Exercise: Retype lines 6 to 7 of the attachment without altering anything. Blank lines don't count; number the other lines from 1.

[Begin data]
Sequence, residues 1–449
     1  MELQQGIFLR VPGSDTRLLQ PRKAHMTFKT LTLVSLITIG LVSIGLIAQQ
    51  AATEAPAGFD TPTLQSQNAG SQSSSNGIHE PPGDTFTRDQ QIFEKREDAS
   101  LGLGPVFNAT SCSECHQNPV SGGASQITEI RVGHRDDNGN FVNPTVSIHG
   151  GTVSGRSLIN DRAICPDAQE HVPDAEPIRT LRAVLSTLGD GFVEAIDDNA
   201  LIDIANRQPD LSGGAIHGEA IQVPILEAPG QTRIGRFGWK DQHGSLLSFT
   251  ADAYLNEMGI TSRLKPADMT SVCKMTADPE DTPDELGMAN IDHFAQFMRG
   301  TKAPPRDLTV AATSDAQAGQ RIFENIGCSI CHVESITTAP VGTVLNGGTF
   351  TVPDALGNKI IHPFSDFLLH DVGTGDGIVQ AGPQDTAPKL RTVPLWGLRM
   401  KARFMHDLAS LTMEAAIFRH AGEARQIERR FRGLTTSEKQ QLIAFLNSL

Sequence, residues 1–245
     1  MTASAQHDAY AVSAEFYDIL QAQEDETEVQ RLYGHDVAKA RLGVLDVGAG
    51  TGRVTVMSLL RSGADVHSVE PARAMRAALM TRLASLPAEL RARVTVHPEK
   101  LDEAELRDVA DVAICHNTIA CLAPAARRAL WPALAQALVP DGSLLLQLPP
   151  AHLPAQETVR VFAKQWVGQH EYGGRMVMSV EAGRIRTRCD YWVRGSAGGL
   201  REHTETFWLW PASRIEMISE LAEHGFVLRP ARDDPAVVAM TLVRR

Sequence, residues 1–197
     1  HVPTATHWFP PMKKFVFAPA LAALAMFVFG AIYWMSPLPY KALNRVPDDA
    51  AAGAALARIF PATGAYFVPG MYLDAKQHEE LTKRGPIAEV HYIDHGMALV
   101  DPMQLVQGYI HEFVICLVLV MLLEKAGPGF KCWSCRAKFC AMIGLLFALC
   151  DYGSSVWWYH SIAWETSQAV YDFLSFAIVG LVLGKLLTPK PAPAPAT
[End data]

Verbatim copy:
   201  LIDIANRQPD LSGGAIHGEA IQVPILEAPG QTRIGRFGWK DQHGSLLSFT
   251  ADAYLNEMGI TSRLKPADMT SVCKMTADPE DTPDELGMAN IDHFAQFMRG